Frank Pasquale is an expert on the law of AI, algorithms, and machine learning. He is a Professor of Law at Brooklyn Law School, a Visiting Scholar at the AI Now Institute, an Affiliate Fellow at Yale University's Information Society Project, a member of the American Law Institute, and a member of an Australian Research Council (ARC) Centre of Excellence on Automated Decision-Making & Society (ADM+S). His book The Black Box Society: The Secret Algorithms That Control Money and Information (Harvard University Press 2015) has been recognized as a landmark study on the law and political economy of information. His New Laws of Robotics: Defending Human Expertise in the Age of AI (Harvard University Press 2020) rethinks the political economy of automation, to promote human capacities as the irreplaceable center of an inclusive economy.
Monika Schlachter, Prof. at the Institute for Labour Law and Industrial Relations in the European Union, Trier University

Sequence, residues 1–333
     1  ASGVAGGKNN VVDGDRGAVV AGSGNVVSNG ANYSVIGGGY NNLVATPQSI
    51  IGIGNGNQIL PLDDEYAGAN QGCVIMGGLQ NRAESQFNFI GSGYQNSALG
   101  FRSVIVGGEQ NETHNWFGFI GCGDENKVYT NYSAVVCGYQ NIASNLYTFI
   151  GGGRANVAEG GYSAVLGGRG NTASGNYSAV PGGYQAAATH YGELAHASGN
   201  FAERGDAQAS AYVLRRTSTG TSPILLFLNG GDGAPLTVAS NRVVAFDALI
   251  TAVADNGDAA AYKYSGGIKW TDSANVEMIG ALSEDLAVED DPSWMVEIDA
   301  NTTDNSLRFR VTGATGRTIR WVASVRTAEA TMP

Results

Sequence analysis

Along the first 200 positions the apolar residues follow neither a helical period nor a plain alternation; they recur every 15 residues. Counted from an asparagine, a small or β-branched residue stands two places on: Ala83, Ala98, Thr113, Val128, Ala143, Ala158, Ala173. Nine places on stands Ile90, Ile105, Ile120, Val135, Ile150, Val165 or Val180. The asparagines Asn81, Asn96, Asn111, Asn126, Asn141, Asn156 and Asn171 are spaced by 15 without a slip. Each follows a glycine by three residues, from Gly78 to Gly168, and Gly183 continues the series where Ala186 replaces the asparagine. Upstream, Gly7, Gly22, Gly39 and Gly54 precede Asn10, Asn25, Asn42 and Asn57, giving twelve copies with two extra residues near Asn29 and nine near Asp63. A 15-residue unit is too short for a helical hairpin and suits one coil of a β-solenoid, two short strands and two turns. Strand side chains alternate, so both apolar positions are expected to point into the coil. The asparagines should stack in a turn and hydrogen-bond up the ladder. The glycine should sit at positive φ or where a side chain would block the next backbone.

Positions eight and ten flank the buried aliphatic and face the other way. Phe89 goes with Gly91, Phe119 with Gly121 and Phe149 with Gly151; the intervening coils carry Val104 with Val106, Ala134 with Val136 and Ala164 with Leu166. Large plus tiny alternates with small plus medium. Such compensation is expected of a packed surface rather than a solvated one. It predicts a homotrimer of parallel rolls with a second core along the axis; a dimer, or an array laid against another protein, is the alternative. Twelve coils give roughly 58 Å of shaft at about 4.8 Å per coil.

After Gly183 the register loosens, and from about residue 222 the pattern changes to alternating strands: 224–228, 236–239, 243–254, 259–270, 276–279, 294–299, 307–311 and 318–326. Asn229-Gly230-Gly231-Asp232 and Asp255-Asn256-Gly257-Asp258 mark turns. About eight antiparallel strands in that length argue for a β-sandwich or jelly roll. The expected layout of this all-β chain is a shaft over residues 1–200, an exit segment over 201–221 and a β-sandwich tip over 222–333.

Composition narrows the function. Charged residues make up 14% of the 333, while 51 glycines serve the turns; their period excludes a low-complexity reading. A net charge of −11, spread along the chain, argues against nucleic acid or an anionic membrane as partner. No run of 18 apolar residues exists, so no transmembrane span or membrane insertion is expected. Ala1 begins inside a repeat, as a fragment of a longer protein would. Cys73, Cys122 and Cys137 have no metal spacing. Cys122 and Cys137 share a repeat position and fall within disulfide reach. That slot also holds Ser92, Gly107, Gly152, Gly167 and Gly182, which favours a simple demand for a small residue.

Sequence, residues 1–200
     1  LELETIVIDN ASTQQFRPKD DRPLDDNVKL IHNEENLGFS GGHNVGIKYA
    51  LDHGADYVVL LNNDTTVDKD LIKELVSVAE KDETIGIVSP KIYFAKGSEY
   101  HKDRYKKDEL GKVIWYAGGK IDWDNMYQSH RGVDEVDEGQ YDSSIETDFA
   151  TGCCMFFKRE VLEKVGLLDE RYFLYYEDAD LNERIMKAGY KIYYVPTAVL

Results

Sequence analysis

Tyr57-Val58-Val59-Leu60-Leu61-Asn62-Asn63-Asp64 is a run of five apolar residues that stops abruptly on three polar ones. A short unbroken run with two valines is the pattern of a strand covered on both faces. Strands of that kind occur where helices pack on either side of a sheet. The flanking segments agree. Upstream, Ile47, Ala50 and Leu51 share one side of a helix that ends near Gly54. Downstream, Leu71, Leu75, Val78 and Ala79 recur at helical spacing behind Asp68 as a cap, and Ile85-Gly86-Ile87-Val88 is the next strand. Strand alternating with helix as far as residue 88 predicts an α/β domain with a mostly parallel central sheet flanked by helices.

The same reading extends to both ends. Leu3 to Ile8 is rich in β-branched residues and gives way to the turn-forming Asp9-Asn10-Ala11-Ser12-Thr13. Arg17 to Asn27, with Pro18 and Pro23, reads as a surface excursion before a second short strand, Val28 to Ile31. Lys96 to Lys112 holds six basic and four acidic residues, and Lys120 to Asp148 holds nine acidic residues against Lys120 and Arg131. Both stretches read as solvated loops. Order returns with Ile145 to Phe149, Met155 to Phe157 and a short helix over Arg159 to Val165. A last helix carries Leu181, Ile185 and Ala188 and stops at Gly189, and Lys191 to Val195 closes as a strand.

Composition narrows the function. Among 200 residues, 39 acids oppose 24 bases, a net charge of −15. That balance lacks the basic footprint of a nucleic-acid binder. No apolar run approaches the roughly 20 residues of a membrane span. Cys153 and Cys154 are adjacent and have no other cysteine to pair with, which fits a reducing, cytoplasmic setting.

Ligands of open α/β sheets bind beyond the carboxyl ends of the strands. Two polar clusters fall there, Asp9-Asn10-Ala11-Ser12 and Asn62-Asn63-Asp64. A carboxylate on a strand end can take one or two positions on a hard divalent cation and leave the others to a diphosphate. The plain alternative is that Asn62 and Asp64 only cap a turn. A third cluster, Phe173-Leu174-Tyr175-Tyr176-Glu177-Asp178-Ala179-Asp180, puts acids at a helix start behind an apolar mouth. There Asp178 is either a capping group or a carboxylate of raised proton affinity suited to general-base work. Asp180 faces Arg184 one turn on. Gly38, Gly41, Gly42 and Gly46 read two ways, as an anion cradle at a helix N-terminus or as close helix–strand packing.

Monika Schlachter, born in 1957, is professor for civil law, labour law and international private law. Since the 1st of October 2008, she has been director of the legal team in the IAAEU. After completing her undergrad study of law in Göttingen, she earned her PhD in Göttingen in 1986. In 1992 she completed her habilitation in Göttingen. From 1993 to 2005, she was professor for civil law, labour law, comparative law and international private law at the University of Jena. She also volunteered as a judge for the Labour Court of Jena until 2006. In addition to that, she was active as an expert for the EC and since 2007 has been a member of the European Committee of Social Rights for the European Council. Until October 2008, she was professor for civil law, labour law and comparative law at the University of Regensburg.
Ingo Timm, Prof. of Business Informatics, Trier University, Co-Spokesman of the AI Section of the German Informatics Society